How working from home can affect a company’s culture

How working from home can affect a company’s culture

Telecommuting, also known as working from home, may create a lonely environment for the people who work in the office, according to a recent study.

Many businesses offer telecommuting as a work-life bonus, allowing employees to spend time with their loved ones and have more control of their schedules. Working from home also saves companies money and allows them to employ people who live far from the office.

The study, published in the journal Academy of Management Discoveries, surveyed a company with more than 600 people, asking them about their thoughts and feelings on both working at home and in the office.

The researchers found that employees who worked in the office ended up feeling lonely and isolated. And many of the employees who worked at home felt the same way and wanted to come into work because they needed social interaction. Due to the large number of telecommuters, they found themselves not having office lunches, hallway interactions with coworkers or small talk at the office.

“This is not a surprising finding,” says Dr. Chandragupta Vedak, psychiatrist at Advocate Good Shepherd Hospital in Barrington, Ill. “When we think of work, we often think of the paycheck as the only reward. In reality, the benefits of a job go well beyond compensation.”

Dr. Vedak says that the office provides a place to socialize, brainstorm, form new relationships, celebrate successes and mourn losses.

“Telecommuting makes that all go away both for telecommuters and those left behind in the office,” he says.

Professor Kevin Rockmann, co-author of the study, suggested workplaces increase communication technology like email, instant messaging and video conferencing to make up for the lack of physical connectedness.

“Companies that permit employees to decide where they work should be aware that this practice can take on a life of its own and should make sure they have the means to bring teams together – in person and face-to-face – as often as needed,” said co-author Michael Pratt of Boston College, in the study’s news release.

Related Posts



  1. Hazel Greenfield January 14, 2016 at 1:36 pm · Reply

    I worked for a company that permitted some but not all employees to telecommute. I had a position where I was part of a team not permitted to telecommute even though it was the perfect position to do so. The supervisor was allowed to do so as needed and took advantage of the option because she had young children. An atmosphere of tattle tellin and backstabbing developed. I had another position where the boss could telecommute and he too was ineffectual!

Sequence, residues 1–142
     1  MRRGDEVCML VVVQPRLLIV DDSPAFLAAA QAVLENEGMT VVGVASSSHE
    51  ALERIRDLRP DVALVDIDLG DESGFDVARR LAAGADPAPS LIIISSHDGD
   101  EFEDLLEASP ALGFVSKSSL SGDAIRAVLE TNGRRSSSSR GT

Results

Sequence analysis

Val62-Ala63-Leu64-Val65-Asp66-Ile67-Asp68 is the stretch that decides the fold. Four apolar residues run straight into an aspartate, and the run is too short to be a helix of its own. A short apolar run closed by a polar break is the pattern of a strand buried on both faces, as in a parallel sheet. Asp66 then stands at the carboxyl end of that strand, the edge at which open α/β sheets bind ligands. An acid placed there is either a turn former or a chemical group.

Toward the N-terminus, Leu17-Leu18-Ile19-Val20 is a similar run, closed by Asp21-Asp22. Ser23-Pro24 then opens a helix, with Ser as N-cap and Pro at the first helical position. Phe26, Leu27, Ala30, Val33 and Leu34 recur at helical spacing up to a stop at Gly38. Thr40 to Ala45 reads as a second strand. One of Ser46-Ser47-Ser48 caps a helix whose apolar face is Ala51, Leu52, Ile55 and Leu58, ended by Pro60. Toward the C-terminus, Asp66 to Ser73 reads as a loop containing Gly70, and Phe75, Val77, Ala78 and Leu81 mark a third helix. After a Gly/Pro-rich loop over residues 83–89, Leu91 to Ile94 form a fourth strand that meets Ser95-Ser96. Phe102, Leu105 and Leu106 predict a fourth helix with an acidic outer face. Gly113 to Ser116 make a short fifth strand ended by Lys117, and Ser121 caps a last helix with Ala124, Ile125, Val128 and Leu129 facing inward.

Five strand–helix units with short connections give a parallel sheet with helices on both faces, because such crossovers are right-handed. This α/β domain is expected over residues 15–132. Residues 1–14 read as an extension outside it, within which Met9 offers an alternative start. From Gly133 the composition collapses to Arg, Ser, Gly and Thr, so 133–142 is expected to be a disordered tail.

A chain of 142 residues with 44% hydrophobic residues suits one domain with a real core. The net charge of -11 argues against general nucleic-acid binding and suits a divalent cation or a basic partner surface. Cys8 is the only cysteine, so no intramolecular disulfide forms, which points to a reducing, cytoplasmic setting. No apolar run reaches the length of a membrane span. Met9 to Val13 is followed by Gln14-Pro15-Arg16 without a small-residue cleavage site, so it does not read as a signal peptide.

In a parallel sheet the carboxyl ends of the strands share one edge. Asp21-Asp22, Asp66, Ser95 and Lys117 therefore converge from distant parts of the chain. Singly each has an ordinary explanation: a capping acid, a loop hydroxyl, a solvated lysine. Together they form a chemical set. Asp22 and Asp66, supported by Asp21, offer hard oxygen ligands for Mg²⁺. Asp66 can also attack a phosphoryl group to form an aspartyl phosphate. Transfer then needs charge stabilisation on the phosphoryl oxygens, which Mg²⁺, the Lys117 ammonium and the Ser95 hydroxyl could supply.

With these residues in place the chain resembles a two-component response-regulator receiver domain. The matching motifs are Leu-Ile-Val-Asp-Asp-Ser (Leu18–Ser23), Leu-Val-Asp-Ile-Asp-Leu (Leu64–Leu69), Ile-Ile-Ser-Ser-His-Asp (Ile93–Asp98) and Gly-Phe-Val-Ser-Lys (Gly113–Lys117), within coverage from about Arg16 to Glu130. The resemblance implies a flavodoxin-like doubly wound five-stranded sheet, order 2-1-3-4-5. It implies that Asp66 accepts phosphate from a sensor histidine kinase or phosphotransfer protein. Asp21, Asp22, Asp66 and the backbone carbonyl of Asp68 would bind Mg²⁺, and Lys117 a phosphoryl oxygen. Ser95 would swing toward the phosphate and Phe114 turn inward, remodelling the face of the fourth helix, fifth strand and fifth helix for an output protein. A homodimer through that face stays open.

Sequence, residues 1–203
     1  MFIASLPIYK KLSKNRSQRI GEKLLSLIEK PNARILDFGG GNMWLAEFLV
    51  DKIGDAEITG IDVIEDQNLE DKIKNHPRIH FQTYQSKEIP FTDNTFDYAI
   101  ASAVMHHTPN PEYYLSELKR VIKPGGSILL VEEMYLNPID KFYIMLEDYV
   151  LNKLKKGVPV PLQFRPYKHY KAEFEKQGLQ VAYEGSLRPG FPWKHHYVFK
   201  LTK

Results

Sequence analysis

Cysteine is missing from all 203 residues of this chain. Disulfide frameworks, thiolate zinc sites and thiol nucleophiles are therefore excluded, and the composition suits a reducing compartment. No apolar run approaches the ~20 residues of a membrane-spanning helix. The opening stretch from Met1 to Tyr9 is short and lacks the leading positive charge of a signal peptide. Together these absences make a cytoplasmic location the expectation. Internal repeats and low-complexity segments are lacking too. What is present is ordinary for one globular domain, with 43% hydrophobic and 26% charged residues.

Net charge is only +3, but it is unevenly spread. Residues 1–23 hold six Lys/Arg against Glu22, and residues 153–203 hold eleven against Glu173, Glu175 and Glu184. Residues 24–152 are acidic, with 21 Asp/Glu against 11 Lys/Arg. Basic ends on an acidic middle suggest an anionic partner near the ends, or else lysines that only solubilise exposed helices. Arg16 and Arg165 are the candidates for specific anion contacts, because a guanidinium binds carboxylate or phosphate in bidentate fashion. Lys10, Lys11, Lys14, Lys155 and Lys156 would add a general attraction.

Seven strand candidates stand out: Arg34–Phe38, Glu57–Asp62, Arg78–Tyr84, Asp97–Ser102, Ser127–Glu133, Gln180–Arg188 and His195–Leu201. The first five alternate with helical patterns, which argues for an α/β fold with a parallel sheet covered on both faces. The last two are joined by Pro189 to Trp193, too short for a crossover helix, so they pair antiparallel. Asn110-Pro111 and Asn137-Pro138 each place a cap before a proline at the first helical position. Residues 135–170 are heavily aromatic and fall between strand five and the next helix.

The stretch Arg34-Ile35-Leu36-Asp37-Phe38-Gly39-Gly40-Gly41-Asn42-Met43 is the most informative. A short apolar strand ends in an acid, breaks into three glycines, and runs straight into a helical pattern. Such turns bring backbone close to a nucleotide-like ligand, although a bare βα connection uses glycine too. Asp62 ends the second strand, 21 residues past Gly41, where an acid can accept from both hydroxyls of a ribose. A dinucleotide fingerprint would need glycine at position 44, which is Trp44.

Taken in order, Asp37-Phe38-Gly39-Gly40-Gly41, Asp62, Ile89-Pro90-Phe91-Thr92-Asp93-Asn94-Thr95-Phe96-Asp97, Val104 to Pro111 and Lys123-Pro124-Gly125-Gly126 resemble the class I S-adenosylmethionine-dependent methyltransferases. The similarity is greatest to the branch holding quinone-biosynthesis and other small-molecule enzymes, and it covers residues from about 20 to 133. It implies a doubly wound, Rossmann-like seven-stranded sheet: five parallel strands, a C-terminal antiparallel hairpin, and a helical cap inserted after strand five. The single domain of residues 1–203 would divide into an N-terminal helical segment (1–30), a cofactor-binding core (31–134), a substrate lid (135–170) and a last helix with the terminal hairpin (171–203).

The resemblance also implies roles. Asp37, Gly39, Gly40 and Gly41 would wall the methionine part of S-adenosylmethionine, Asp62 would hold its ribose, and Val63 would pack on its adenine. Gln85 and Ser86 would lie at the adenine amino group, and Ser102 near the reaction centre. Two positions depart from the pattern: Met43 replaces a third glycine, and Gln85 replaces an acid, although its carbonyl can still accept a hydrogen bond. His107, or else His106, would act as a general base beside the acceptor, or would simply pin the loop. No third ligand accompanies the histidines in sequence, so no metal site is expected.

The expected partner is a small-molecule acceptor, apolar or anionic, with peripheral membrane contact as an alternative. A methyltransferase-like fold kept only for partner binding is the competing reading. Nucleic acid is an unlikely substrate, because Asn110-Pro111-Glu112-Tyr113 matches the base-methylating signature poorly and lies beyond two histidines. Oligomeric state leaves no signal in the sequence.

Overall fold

2. This is a joke, right? We are more isolated in our on-site office than we will ever be once we’re allowed to work from home. We’re looking forward to a change to telecommuting because it’s not worthwhile for us to be in the on-site environment anymore.

  3. My mother works from home three days per week and goes into the office one day per week. She is a customer service representative for an insurance company and she loves working from home. She enjoys being able to wear casual clothes, get chores done around the house during her breaks, and not have to spend time commuting to and from the office. She is older than most of her coworkers in her same role and I think that she doesn’t do much socializing while she’s at work anyways so working at home is perfect for her.

  4. Lonely!? I don’t commute to work in the rain and sleet and snow to socialize. I commute to work because right now, telecommuting is not an option. What I do, I could easily do from my computer from home in my pajamas. Why should I put on a monkey suit and travel sixty miles round trip five days a week to sit at a computer in a cubicle in an office park? The work gets done either way. I would much rather save the gas and wear and tear on my car and save the expense and hassle of public transportation. Productivity has nothing to do with face time in an office. That’s so 19th and 20th Century. I’m talkin’ to you, Marissa Mayer at Yahoo!

Subscribe to health enews newsletter

About the Author

health enews Staff
health enews Staff

health enews staff is a group of experienced writers from our Advocate Health Care and Aurora Health Care sites, which also includes freelance or intern writers.